Speaking at the Downing Street daily press conference on the coronavirus epidemic, Jenrick said it “cannot be right” that some councils across the country have closed their parks in recent weeks.
He said that although the virus “does not discriminate”, locking in is much more difficult for people who do not have gardens or open spaces where children can run.
“People need parks. That’s why I made it clear to the boards that all parks should be kept open, “he said.
The announcement comes weeks after Secretary of Health Matt Hancock threatened to ban outdoor exercise this weekend as Brockwell Park in south London was controversially closed in response to a reported influx of bathers. Guardian analysis found that closing the parks would disproportionately affect the poorest Londoners.
Jenrick also addressed reports that the mourners had been refused a funeral, citing the case of Ismail Mohamed Abdulwahab, 13, of Brixton, who died after contracting Covid-19.
He added that the tragedy had worsened after Ismail’s family were unable to attend his funeral. “It is not fair and it should not have happened,” he said. “For clarity, the funeral can take place in the presence of close relatives. “
Government to release new funeral guidelines, Jenrick said, adding: “I also ask councils to stay open, if not reopen cemeteries and cemeteries … so people can take this private tour and seek solace at the grave. from someone you loved or lay flowers in private.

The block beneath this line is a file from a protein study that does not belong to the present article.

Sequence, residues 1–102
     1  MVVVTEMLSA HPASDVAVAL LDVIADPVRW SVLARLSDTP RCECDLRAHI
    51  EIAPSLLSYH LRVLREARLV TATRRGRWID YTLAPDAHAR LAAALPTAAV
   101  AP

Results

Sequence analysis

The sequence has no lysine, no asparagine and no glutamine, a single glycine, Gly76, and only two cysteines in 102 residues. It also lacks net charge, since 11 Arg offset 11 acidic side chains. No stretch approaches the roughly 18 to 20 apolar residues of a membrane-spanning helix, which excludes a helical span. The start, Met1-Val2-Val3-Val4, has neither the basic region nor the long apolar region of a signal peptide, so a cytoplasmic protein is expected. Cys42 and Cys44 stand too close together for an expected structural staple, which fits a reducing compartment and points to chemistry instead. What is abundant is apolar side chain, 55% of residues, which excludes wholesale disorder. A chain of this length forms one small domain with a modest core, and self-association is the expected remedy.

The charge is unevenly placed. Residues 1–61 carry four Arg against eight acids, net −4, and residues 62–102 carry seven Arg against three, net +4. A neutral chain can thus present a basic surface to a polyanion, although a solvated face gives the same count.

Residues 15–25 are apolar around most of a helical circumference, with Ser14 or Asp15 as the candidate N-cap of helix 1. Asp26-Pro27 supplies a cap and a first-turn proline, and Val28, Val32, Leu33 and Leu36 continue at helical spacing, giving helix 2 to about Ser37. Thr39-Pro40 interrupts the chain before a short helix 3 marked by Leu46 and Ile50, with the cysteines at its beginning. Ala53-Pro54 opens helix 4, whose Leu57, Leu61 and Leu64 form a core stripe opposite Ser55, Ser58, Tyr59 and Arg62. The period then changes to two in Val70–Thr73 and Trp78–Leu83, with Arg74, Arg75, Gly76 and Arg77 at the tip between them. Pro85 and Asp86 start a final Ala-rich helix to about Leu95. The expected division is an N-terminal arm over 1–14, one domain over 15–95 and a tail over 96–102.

“There have been times in my life when I needed to do it. These are just small steps, but small mercies can make a difference. “
Jenrick defended her decision to visit her parents’ home earlier this month, despite repeated calls from the public to stay home to curb the spread of the coronavirus.
The Guardian established that the housing secretary visited his parents in Shropshire, 40 miles from his own house by road, who were already supported by the local community for grocery deliveries.
Jenrick said in the briefing that he had delivered medication to his elderly parents and that it was “entirely within the guidelines” to do so.
He said he “wouldn’t want people to be concerned that they can’t do something like this to help their own elderly parents or parents who need it.”